What does it mean to be a natural living thing? Are plants, animals, and people alive simply because of an arrangement of their material parts, or does life spring from something else? Is the soul (psyche) the cause of life, and what are the nutritive, sensational, motional, and intellectual powers of the soul? Is the soul of a living being essentially its form, over the body? Aristotle presents a view that avoids the simplification of both material minimalism as well as the soul as something distant from the body. But in the soul, are there any aspects in it that might endure beyond the end of the body? We invite you to join us for these six weekly Tuesday lunchtime meetings, beginning January 11, as we engage with this intriguing and challenging work.

 

“For if the eye were an animal, the soul of it would be its sight…”

 

These six online seminars will take place on Tuesday afternoons, 12:00-1:30PM Pacific Time.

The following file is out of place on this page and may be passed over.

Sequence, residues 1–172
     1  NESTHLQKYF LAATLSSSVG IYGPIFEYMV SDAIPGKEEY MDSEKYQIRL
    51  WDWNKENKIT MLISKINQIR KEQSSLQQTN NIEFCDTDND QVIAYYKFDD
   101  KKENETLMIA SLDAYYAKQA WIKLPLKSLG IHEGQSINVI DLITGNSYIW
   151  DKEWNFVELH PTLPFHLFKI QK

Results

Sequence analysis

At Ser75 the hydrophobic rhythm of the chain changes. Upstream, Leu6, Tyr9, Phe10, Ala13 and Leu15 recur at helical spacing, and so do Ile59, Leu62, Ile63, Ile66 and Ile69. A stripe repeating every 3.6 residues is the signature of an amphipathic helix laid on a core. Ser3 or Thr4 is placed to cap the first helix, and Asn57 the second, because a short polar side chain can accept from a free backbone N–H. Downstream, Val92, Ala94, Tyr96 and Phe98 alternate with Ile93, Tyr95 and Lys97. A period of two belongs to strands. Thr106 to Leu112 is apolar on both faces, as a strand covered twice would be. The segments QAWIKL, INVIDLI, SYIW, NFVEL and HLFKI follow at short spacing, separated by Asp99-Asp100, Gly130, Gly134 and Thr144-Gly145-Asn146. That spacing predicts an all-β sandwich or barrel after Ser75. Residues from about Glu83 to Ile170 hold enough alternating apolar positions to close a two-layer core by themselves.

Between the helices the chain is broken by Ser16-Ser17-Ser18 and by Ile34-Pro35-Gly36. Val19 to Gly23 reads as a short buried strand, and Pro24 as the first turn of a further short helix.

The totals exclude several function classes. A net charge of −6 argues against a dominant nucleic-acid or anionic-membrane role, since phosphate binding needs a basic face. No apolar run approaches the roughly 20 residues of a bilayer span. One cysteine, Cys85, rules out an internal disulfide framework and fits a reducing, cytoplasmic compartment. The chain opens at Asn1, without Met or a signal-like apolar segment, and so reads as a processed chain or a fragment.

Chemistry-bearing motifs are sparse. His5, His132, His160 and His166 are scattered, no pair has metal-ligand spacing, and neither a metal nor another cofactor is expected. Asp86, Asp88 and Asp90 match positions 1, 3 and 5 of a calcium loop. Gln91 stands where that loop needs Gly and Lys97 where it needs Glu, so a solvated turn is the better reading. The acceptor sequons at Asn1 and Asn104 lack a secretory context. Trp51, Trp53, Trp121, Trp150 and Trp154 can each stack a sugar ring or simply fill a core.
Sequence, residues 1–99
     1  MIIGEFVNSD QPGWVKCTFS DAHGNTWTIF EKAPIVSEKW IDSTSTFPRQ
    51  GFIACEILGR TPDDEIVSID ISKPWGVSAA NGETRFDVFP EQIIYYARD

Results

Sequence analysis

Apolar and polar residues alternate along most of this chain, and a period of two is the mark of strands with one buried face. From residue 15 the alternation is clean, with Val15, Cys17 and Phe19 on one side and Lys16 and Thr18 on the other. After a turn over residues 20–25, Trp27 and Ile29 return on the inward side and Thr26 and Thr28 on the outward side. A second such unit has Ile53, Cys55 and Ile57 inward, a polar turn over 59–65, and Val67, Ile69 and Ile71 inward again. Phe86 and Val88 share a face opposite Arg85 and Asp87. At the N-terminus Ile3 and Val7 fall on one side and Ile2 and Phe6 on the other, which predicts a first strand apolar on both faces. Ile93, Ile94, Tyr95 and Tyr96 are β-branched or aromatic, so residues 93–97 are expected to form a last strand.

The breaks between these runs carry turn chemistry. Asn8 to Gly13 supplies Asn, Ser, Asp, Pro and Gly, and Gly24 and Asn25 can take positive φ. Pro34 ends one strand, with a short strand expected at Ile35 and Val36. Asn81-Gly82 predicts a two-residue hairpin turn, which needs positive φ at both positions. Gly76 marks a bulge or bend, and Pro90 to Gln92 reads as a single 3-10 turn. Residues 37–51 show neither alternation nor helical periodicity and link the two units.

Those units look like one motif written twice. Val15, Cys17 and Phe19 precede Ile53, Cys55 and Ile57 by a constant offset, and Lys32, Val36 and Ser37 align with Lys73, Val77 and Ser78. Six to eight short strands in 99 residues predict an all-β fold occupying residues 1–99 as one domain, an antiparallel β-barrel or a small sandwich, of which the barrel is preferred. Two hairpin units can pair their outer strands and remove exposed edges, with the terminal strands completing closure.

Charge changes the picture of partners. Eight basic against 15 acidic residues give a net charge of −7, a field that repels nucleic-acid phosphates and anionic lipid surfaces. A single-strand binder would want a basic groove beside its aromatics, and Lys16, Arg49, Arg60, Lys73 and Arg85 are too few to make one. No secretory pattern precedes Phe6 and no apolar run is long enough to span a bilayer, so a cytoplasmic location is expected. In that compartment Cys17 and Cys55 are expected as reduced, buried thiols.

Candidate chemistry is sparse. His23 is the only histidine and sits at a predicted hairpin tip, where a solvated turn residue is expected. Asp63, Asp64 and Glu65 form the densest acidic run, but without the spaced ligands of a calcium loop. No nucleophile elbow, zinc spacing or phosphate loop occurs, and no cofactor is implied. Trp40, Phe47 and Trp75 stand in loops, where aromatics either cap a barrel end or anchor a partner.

All reading materials (in English translation) will be supplied and sessions will be facilitated by tutors experienced in shared inquiry and the Socratic method. Groups will be limited to 14 participants and no prior knowledge is required. Teachers will be offered 2 CEU credits for participation as requested.  

Click here for full details.

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Change of Date:

Online Seminar Series - NOW ENROLLING

The Century Cycle by August Wilson
 

Thursday Afternoons - February 17 - April 21

August Wilson - "the theater's poet of Black America"

Like Odysseus conjuring stories from the Underworld in The Odyssey, the characters in August Wilson’s plays conjure stories out of the centuries-long experience that made the Atlantic Ocean, as one of those characters tells us, “the biggest unmarked graveyard in the world.”  Wilson’s plays are unique in American letters and language. Indeed, they are almost singular in English.  There has been no project like his Century Cycle in the history of the English language, aside from Shakespeare’s history plays, which count about the same number and (excluding an outlier or two) cover a period of national experience of roughly comparable length.